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Language Planning as a Sociolinguistic Experiment

By: Ernst Jahr

Provides richly detailed insight into the uniqueness of the Norwegian language development. Marks the 200th anniversary of the birth of the Norwegian nation following centuries of Danish rule


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Acquiring Phonology: A Cross-Generational Case-Study

By Neil Smith

The study also highlights the constructs of current linguistic theory, arguing for distinctive features and the notion 'onset' and against some of the claims of Optimality Theory and Usage-based accounts.


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Language Production and Interpretation: Linguistics meets Cognition

By Henk Zeevat

The importance of Henk Zeevat's new monograph cannot be overstated. [...] I recommend it to anyone who combines interests in language, logic, and computation [...]. David Beaver, University of Texas at Austin


Academic Paper


Title: 'Transmission, acquisition, parameter-setting, reanalysis, and language change'
Author: SalikokoSMufwene
Email: click here to access email
Homepage: 'http://humanities.uchicago.edu/faculty/mufwene/'
Institution: 'University of Chicago'
Linguistic Field: 'Historical Linguistics; Linguistic Theories'
Abstract: Jürgen Meisel's (JM) article is literally thought-provoking, especially for the issues that one can raise out of the central position that he develops, viz., "although bilingual acquisition in situations of language contact can be argued to be of significant importance for explanations of grammatical change, reanalysis affecting parameter settings is much less likely to happen than is commonly assumed in historical linguistics" (p. 142). This is a position that calls for grounding language change, hence historical linguistics, in the pragmatics/ethnography of language practice, a question that linguists can continue to ignore no more than the actuation question (Weinreich, Labov & Herzog, 1968; McMahon, 1994; Labov, 2001; Mufwene, 2008). The latter regards what particular ethnographic factors trigger particular changes at particular places and at particular times but not at others. In other words, do structural changes happen simply because they must happen or because particular agents are involved at specific times under specific ecological conditions of language practice?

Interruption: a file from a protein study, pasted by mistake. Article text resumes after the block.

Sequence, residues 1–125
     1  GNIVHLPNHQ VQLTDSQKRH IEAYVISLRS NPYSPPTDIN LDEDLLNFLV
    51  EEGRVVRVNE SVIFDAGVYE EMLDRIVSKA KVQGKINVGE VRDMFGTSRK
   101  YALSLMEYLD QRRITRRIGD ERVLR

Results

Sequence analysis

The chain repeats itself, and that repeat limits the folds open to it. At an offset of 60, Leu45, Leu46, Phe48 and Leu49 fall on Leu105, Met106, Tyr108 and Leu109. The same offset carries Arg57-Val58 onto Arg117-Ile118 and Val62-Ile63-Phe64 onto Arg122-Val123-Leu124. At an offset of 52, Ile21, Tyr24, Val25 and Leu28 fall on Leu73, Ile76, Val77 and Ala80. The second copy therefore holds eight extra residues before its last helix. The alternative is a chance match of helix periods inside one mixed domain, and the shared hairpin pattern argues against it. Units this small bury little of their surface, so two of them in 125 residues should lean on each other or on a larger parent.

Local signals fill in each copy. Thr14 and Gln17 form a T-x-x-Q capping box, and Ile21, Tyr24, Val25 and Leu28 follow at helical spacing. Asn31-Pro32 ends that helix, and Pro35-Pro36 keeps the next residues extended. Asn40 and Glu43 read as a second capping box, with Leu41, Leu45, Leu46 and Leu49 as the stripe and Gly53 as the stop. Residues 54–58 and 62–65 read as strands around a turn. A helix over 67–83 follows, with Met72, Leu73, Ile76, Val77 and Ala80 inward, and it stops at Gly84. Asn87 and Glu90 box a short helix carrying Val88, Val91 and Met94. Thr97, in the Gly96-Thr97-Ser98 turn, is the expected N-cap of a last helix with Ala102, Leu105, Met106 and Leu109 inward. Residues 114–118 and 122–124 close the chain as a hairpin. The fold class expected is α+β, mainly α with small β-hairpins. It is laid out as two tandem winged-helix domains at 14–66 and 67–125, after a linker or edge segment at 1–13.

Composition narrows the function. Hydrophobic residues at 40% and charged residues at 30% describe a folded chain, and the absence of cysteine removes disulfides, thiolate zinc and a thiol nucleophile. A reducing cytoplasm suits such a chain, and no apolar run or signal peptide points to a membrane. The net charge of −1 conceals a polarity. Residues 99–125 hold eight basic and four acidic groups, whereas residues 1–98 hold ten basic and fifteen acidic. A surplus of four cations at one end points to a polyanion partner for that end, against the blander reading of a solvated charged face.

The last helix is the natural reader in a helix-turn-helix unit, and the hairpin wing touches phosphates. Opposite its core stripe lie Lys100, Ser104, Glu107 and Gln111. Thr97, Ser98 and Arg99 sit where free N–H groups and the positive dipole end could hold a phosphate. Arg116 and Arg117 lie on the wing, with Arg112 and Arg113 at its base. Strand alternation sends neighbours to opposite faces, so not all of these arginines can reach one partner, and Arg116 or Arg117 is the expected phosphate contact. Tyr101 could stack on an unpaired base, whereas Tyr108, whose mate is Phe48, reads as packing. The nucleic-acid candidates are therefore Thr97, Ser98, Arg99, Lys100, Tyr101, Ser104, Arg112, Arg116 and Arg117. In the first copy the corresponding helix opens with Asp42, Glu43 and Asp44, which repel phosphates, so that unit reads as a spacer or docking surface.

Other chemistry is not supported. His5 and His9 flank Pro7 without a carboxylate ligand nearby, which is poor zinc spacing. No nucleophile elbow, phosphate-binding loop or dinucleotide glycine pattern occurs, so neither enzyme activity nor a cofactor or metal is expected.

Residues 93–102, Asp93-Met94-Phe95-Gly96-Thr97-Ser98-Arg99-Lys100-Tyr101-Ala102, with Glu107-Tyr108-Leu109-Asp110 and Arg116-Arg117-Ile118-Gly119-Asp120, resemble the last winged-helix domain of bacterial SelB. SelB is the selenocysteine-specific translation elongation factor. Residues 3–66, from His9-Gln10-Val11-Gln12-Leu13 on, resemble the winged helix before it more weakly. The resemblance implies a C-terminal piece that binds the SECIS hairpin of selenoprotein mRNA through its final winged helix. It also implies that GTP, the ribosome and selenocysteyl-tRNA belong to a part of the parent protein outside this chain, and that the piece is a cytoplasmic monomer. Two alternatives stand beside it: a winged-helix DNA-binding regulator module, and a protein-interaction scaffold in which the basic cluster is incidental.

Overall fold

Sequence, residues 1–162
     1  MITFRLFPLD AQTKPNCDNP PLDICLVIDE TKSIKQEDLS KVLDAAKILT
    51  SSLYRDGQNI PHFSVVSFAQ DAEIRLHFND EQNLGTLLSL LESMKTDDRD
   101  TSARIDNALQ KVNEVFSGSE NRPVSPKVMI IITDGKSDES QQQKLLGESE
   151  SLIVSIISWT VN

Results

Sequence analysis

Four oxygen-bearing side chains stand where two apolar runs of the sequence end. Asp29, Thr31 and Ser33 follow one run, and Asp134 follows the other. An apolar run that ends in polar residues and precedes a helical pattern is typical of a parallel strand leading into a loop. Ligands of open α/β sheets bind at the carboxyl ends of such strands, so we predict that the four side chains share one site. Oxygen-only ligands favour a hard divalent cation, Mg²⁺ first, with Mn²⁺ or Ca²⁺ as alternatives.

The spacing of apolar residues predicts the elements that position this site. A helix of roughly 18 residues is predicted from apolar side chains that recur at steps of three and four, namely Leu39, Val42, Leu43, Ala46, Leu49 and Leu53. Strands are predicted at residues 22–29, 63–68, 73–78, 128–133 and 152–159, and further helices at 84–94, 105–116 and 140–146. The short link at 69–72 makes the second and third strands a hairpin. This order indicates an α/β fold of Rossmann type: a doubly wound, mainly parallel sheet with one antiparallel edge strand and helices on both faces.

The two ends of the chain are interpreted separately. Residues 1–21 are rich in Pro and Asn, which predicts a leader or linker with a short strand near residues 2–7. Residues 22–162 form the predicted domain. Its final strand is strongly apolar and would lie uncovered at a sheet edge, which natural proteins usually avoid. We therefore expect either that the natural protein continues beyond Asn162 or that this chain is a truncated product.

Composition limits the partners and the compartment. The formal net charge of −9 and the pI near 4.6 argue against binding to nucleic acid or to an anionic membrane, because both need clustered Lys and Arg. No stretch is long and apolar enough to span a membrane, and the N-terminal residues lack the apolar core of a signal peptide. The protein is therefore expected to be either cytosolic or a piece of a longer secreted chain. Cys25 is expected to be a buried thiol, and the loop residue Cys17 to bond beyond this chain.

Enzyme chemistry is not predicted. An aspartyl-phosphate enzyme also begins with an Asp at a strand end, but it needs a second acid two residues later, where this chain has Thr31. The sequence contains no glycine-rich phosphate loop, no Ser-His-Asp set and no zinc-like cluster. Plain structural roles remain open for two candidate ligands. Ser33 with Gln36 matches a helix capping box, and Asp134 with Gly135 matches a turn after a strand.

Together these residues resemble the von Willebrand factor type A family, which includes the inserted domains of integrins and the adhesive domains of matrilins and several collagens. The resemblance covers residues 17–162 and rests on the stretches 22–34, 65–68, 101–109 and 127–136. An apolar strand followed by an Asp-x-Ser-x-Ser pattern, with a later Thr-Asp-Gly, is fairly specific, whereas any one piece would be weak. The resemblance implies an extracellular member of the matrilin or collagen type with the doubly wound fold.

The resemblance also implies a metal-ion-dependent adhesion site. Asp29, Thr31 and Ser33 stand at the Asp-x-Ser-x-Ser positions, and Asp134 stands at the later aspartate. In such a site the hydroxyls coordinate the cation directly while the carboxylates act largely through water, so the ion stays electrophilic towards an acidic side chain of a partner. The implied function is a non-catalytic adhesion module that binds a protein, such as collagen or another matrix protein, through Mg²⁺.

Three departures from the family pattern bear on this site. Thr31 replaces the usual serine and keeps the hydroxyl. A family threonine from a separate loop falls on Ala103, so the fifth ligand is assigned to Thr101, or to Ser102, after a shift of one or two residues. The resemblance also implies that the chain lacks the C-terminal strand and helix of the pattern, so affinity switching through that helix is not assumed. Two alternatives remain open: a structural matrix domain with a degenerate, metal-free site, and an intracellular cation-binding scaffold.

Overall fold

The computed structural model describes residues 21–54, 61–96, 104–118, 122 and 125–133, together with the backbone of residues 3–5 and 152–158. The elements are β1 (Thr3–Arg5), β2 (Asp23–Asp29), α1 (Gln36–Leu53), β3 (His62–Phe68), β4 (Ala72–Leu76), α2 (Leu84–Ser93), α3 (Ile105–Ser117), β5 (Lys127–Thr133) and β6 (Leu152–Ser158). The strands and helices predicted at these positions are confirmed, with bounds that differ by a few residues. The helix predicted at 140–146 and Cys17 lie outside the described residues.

CUP at LINGUIST

This article appears in Bilingualism: Language and Cognition Vol. 14, Issue 2, which you can read on Cambridge's site or on LINGUIST .



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